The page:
Santa Clara University


Business Ethics in the News

Back to Blog

IMMIGRATION REFORM: Retraining vs. Hiring Abroad

Friday, Jun. 28, 2013

Thursday, the Senate passed a comprehensive immigration bill, which among other effects will allow Silicon Valley companies to hire more foreign engineers. Tech firms have long been voicing concerns about the shortage of skilled workers in America, and have lobbied for the ability to import more foreign talent by increasing the cap on H1-B visas. Labor groups have been pushing back by arguing that equally qualified Americans be offered jobs before firms look abroad. They also argue that firms should retrain current employees before looking abroad for the most up-to-date workers. Some studies, such as one published by the Brookings Institution, have found that the presence of high-skilled guest workers does not have a negative impact on the employment levels of college educated-Americans of that area. Do tech firms have an obligation to hire Americans over foreign talent?

  Kirk: I believe companies should commit to some level of retraining. Too many Silicon Valley companies see foreign engineers as the solution to all hiring needs, and even as low-cost temporary labor. At minimum companies ought to be working with academic institutions, including online learning companies, to prepare American engineers for the latest technologies.

  Patrick: Companies should invest in their people, but those people do not necessarily have to be American. While Americans do not have a special claim to jobs at American firms, the rate at which American employees are being left in the dust by new technology is problematic. Firms must embrace that there is a dual responsibility in keeping employees up-to-date: it’s on the firm to offer the opportunity for continued training, and on the employee to take them up on it.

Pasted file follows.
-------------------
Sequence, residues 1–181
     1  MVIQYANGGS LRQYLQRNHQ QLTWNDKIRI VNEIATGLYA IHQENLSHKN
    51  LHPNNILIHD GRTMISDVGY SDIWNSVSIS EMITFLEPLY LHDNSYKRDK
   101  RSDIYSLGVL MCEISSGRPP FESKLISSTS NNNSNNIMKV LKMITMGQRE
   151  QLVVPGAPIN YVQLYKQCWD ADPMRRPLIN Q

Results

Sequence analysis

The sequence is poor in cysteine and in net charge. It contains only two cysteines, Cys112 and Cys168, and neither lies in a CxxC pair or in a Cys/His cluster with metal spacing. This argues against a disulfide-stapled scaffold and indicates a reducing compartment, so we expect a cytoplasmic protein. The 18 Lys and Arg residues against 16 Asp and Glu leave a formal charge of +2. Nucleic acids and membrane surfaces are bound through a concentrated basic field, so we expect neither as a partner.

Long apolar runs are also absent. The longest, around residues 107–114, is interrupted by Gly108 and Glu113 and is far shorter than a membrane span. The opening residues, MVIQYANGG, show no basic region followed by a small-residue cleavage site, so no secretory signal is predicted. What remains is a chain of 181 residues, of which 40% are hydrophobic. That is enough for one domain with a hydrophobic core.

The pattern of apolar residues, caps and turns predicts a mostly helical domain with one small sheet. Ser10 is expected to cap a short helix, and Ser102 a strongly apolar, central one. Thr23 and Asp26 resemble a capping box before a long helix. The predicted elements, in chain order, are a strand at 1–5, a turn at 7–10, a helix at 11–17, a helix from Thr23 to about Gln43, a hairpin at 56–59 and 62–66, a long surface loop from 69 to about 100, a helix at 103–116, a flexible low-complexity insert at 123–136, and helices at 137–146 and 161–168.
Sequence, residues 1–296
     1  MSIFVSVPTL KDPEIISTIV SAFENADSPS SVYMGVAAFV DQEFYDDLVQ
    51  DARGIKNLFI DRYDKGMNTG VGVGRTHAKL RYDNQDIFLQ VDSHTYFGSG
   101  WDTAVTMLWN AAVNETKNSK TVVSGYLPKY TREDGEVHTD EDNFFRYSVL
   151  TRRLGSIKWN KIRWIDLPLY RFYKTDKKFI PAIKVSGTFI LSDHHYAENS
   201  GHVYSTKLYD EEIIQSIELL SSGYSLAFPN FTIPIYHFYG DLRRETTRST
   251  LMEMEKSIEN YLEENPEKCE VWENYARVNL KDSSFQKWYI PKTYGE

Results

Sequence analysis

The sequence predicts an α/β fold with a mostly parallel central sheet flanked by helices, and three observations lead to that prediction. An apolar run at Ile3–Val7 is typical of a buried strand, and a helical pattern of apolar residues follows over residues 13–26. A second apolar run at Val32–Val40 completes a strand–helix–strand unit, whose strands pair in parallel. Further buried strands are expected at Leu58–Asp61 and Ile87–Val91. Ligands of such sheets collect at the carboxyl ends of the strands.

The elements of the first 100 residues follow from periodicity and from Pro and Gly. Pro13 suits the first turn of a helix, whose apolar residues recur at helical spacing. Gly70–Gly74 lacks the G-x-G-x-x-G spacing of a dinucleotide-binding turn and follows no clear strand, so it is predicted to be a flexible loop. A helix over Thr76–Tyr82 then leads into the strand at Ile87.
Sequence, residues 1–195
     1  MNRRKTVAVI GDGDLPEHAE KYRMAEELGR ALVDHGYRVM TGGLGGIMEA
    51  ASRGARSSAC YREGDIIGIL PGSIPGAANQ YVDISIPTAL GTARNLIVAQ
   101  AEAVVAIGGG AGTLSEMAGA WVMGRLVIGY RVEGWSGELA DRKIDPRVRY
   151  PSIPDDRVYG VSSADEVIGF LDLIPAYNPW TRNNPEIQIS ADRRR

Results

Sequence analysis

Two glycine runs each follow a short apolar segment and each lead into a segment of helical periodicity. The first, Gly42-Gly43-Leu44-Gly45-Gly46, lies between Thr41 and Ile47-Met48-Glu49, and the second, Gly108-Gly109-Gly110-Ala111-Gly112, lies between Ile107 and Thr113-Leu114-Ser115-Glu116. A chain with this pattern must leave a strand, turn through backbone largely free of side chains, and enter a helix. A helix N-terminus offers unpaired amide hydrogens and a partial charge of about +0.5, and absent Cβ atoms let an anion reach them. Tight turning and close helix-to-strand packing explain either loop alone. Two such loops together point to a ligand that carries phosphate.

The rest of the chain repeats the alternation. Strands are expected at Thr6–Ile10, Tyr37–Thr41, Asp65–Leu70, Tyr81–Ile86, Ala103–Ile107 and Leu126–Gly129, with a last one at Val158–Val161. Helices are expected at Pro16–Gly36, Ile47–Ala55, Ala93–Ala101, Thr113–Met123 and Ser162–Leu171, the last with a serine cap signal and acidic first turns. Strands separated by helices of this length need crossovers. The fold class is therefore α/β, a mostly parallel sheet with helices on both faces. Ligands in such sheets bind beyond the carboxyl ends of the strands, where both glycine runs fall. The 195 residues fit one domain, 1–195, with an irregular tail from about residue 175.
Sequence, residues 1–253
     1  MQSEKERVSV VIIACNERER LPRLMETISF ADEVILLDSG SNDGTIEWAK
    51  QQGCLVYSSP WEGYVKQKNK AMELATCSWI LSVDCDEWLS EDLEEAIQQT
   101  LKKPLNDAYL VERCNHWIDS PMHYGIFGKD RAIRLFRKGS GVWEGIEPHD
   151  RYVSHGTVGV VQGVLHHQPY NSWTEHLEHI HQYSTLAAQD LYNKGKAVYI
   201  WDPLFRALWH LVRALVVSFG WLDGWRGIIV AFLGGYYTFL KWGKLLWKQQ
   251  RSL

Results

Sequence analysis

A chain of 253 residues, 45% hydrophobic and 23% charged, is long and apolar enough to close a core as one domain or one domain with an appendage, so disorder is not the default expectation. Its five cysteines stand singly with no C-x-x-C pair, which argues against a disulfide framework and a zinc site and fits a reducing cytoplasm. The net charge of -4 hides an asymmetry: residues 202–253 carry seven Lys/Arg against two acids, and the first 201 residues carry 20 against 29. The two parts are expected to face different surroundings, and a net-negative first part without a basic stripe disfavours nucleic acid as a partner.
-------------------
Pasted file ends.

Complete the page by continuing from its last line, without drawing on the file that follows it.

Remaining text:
A Bill Allowing More Foreign Workers Stirs a Tech Debate

A Framework for Thinking Ethically



Comments Comments

Joe Schmid said on Jul 8, 2013
Motivated to work; technically savvy, and the ability to communicate ? this is the entry level threshold of employment (fast food server to scientist). The only thing that changes across job functions is the extent to which these three are required. A few facts. There is a continuing decline in U.S. science and tech degrees. Engineering, science and tech curriculums are the most time demanding (measured by average weekly hours of study time/prep time and the hours of study faculty expects). By consensus a ?genius? is a person with a 140 or higher IQ. People with a 140 IQ or higher make up only 2.2% of a population. The genius pool of China and India is an order of magnitude greater than the US - ca. 60 million compared to ca. 7 million in the US. US Companies have longstanding working relationships with academic institutions through grants, chair and capital project funding, to cooperative education and internships. US companies invest heavily in continued training of their people as reported by SHRM surveys. H1-B visas require a U.S. bachelor?s or higher degree in a specific specialty occupation from an accredited college or university or foreign equivalent. Many of the H1-B applicants have attained a degree from a US university. The 2014 H1-B cap is 65,000 which is a very small fraction of the entire employment of US engineers and scientists. To compete and fulfill their ethical obligations to their stakeholders (which include employees and communities) companies have to attract, recruit and sustain a critical mass of intelligence embodied in people who are motivated to work; are technically savvy; and can effectively communicate with one another. To a greater extent this cumulative human factor separates the industry winners and the losers. There is a talent supply issue. The alternative is offshore outsourcing which has also risen to the surface of corporate criticism and ethical debate. For years industry leaders and analysts have warned of a critical shortfall of skilled scientists and engineers capable of developing breakthrough technologies. The H1-B visa is available and should be used and expanded to mitigate this shortfall. With current US curriculum enrollments, this issue is not going away. Tech companies need to hire the best and the brightest. It is a global economy and it is a global talent pool. - Like - 1 person likes this.
Post a Comment